The Dalai Lama, a formidable teacher, presents a way that is the middle way, but not necessarily the easy way. Because the spiritual leader of Tibetan Buddhism has a natural gift as well as the translating and publishing resources that makes his teachings accessible, it is easy to forget the rigor and depth of those teachings. Too, Buddhism so often appears in the West as a system of daily behavior and practice that it is also easy to overlook the compelling intellectual challenge it presents to the Western understanding of reality. His Holiness starts on familiar Buddhist ground (morality of action, suffering, compassion) and chapter by chapter adds doctrine and complexity until teachings from the heights of imaginative Tantra and Tibetan deity yoga are being explicated. For the uninitiated the climb is steep, and those seeking general ethical guidance would do better with an easier text (His Holiness has written those, too). For the serious, however, the Dalai Lama offers elegant clarity about the paradoxes at the heart of Buddhism including the central Heart Sutra itself, the teaching of form-is-emptiness and about the intellectual intricacy of Buddhist teachings. Tibetan Buddhism is considered the esoteric wing of Buddhism; this slice shows some layers of its complexity while whetting the spiritual appetite for more understanding, or what Buddhists would call the intention for enlightenment. (Jan.) (c) Copyright PWxyz, LLC. All rights reserved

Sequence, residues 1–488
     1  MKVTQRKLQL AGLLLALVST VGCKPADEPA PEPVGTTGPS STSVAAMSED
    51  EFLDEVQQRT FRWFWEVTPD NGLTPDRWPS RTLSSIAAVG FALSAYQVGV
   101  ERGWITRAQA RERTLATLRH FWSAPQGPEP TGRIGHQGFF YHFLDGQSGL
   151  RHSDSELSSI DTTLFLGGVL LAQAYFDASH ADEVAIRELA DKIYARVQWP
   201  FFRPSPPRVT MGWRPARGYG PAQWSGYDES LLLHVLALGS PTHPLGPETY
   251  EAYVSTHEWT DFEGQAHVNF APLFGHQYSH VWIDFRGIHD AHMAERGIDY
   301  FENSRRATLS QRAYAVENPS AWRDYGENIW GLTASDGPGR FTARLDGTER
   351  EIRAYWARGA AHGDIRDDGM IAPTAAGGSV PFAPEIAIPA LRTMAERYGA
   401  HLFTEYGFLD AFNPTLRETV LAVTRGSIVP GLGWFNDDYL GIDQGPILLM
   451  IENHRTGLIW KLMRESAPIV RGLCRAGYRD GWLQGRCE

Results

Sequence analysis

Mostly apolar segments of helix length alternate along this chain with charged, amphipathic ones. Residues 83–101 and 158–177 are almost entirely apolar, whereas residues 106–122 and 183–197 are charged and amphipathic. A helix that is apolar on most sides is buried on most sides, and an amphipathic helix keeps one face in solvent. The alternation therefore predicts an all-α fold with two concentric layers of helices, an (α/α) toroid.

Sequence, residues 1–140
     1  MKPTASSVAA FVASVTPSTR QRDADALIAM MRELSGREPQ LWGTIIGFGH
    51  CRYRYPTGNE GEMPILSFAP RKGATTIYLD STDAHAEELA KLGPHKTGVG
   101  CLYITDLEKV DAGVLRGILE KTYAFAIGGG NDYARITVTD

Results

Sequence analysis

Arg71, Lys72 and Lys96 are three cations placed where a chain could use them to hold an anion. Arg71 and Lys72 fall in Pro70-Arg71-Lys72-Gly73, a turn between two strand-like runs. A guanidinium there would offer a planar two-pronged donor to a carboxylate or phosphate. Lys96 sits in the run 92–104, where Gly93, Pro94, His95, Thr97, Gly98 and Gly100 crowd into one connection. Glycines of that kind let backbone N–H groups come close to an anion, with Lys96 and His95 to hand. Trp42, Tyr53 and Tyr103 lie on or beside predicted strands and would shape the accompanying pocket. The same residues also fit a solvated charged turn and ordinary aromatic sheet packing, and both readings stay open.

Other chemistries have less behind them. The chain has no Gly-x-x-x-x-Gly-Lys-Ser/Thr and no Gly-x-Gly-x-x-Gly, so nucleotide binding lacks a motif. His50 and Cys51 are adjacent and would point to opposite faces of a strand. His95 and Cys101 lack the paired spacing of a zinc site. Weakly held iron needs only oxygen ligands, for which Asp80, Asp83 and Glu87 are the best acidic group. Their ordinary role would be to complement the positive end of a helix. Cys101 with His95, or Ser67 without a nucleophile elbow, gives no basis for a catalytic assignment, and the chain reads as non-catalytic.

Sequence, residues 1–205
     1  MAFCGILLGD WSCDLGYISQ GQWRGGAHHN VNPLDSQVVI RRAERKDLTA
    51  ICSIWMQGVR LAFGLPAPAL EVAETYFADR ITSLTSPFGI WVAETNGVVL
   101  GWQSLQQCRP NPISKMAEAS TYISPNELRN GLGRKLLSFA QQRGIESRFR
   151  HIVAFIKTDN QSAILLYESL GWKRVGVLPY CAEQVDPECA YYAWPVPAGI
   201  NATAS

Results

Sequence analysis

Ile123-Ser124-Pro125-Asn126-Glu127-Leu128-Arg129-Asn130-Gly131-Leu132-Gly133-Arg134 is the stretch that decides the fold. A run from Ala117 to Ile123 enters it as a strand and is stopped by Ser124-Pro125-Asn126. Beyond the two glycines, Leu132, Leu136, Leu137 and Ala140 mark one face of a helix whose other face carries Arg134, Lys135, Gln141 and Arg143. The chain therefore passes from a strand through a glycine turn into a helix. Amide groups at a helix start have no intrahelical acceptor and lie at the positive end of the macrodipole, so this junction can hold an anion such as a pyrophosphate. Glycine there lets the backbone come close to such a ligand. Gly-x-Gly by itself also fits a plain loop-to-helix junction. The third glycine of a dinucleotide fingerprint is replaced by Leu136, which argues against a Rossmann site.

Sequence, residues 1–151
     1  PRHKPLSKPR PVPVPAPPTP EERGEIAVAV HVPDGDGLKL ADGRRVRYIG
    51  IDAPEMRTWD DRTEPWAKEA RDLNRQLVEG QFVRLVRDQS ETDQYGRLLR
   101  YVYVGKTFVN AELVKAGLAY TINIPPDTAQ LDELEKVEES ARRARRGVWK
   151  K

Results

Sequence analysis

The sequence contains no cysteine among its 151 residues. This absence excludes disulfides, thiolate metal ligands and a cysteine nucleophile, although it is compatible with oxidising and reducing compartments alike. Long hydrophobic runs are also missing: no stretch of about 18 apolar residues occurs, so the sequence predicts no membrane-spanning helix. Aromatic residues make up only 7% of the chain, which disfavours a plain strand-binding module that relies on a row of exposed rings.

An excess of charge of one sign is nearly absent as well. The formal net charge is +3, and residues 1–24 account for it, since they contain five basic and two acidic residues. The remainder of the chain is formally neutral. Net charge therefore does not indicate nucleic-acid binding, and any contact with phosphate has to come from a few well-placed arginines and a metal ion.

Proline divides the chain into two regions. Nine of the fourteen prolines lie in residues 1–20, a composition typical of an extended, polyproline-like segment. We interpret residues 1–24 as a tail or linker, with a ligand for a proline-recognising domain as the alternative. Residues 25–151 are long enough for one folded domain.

Library Journal Review

How to be wise and good and to sustain oneself through meditation. (c) Copyright 2010. Library Journals LLC, a wholly owned subsidiary of Media Source, Inc. No redistribution permitted.


Excerpts

Excerpts